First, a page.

It’s that time of the year! Just on the heels of our second Prime Day of the year, but just before Way Day and a few weeks out on Black Friday, the annual tech hype trains have started to pull into the station.
It’s probably been a few years now since the “new” model in the annual handset arms race felt like a true leap forward, but this year’s entrants feel even more underwhelming than most.
Starting with the iPhone 14, Apple is definitely leaning hard into the “best yet” language, but what need are they trying to meet? Reviews call out a camera that is technically superior, but whose photos are visually hard to differentiate from last generation’s models. The most damning quote I’ve read in a long time was regarding the novel, but not fully realized Dynamic Island feature: “I expect this feature will feel a little richer in a year’s time.”
So…. I should just wait for the iPhone 15 to get it right?
That’s probably not the worst idea, given the reality that the “emergency crash assistance” may require some additional fine tuning. While turning my phone to airplane mode when getting on a roller coaster is not the worst inconvenience, it’s an uninspiring “hack” for a company that prides itself on aesthetic. If the iPhone 14 is really a glorified 13S (i.e. a year later to get the 13 “right”), does that mean I should set my expectations that each new iPhone is less an innovation and more a refinement of it’s unfinished predecessor?
Which brings me to the more ballyhooed Pixel 7. While the Pixel 6 was well received, it suffered from a host of issues including, most notably, reception issues and a less than reliable fingerprint scanner. So, once again, the Pixel 7 is less a whole new step forward than fixing the issues the previous generation should have fixed … which they’ll also resolve via OTA updates to the Pixel 6s with Pixel 7 features. Should you just take the Pixel 6 with the discount and wait for the updates to essentially get a Pixel 7?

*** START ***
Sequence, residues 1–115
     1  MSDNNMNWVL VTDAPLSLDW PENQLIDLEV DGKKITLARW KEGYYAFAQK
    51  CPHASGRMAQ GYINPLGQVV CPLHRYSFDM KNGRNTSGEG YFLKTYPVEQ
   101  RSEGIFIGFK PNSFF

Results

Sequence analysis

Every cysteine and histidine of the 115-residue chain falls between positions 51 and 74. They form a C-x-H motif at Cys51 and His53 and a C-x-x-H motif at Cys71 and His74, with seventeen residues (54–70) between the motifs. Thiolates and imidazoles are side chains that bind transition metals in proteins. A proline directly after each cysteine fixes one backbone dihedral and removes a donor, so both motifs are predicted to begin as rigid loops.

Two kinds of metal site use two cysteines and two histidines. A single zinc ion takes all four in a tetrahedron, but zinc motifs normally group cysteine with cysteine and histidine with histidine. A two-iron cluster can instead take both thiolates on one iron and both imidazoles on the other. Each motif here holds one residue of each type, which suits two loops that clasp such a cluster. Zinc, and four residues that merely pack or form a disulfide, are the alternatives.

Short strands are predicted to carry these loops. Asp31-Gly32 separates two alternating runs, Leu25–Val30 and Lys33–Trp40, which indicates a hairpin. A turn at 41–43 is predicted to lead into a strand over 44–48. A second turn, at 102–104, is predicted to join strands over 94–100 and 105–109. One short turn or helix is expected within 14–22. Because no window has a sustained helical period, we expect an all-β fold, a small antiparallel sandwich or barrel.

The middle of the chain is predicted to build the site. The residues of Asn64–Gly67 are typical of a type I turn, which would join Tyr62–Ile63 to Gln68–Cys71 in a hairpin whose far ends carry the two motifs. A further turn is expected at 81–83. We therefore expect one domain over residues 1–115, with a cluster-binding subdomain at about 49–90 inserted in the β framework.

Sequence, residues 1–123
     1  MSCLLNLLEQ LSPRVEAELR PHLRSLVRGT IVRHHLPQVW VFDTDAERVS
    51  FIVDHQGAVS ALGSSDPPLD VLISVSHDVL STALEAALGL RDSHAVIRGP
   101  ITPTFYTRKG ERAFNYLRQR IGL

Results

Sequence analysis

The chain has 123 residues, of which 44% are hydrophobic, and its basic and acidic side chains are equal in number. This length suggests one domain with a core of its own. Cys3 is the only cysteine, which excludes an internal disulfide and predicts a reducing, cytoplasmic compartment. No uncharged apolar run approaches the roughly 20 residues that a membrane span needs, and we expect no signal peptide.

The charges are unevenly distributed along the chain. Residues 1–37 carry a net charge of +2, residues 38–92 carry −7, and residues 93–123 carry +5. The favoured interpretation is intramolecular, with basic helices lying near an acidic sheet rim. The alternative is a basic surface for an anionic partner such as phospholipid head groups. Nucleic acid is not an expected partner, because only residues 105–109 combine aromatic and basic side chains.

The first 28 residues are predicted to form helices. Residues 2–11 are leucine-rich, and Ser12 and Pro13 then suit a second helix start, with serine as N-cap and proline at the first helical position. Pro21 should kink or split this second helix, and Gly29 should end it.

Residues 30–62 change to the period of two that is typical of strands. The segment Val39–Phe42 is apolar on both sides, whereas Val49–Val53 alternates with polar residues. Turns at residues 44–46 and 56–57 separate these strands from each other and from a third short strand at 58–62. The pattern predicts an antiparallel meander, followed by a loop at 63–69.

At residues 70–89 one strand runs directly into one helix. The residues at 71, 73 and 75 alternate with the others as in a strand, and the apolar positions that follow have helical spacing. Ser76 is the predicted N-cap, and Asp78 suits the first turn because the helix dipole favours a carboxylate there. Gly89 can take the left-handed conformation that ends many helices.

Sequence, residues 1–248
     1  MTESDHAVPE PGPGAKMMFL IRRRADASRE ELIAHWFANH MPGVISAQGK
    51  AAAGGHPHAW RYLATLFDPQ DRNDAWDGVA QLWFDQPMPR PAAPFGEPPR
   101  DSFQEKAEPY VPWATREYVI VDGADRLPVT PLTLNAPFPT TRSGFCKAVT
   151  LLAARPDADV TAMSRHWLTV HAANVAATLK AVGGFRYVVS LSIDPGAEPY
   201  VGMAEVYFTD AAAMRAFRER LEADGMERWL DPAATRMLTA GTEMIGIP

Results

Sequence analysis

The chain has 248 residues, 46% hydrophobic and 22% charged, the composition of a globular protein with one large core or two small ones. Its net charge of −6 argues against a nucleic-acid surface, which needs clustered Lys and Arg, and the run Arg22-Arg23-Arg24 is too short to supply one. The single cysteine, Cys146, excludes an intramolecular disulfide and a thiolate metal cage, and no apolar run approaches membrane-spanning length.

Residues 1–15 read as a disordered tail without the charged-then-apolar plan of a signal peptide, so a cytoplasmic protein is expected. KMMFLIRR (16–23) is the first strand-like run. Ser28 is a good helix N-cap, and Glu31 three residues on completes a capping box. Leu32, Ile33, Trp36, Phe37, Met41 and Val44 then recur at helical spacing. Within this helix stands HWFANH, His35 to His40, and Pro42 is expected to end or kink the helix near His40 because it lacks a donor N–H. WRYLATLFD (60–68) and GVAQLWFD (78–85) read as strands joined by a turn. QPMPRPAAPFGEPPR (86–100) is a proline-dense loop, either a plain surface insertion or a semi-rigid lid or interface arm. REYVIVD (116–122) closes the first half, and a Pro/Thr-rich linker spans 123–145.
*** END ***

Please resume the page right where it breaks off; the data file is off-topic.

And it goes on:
What about if you’re debating the Pixel 7 vs. the iPhone 15? Well, I can’t really comment on it’s use as a phone, but it seems like the Pixel may well be the best camera you can buy!
Editors Note: I’m intentionally ignoring the Galaxy Z Flip mainly because a “foldable” phone seems like a clear gimmick that may even come at the expense of core functions over time. The selfie-base use case is a nifty trick, but this seems less a way to make them smaller than a half-measure reaction to “phones have gotten too big”. Flip phones had their time and nature selected them for extinction.
We’ve talked a lot in class about the fact digital transformation is an iterative process, with small changes leading to major leaps over time. When it comes to phones, that is indisputable since the “phones” of today are truly multi-functional computers well beyond what most would have dreamed possible even in a Star Trek episode. With the “phone” element pretty much perfected, it makes sense that added functionality would be the focus of future innovation. Have we reached a point though where even those avenues are “maxed out”?
With augmented reality still a very niche interest, and likely to require a peripheral accessory, and the metaverse launching an entirely parallel series of hardware, what does the future of handset innovation look like to you?
Do you see untapped opportunities for the handset itself to leap forward?
Is the future in “adding” more sensors via peripherals (i.e. watches, fitness trackers, glasses, etc.)?
Or is the handset post-peak, on it’s way to the tech dust bin to join the beeper and other “intermediary” devices once immersive headsets, embedded bio-enhancements or some other communication aid mature?